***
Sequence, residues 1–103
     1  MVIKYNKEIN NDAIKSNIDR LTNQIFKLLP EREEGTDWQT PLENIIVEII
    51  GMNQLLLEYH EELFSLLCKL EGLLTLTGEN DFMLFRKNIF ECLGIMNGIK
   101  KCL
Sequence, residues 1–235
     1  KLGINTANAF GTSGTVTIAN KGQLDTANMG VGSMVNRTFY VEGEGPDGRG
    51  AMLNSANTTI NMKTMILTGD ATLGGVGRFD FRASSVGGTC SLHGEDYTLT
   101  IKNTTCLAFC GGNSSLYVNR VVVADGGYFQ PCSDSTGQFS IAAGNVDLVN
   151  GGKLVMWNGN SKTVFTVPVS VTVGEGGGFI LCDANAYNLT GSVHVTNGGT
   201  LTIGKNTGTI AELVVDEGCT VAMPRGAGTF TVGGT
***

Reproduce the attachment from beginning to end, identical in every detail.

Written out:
Sequence, residues 1–103
     1  MVIKYNKEIN NDAIKSNIDR LTNQIFKLLP EREEGTDWQT PLENIIVEII
    51  GMNQLLLEYH EELFSLLCKL EGLLTLTGEN DFMLFRKNIF ECLGIMNGIK
   101  KCL
Sequence, residues 1–235
     1  KLGINTANAF GTSGTVTIAN KGQLDTANMG VGSMVNRTFY VEGEGPDGRG
    51  AMLNSANTTI NMKTMILTGD ATLGGVGRFD FRASSVGGTC SLHGEDYTLT
   101  IKNTTCLAFC GGNSSLYVNR VVVADGGYFQ PCSDSTGQFS IAAGNVDLVN
   151  GGKLVMWNGN SKTVFTVPVS VTVGEGGGFI LCDANAYNLT GSVHVTNGGT
   201  LTIGKNTGTI AELVVDEGCT VAMPRGAGTF TVGGT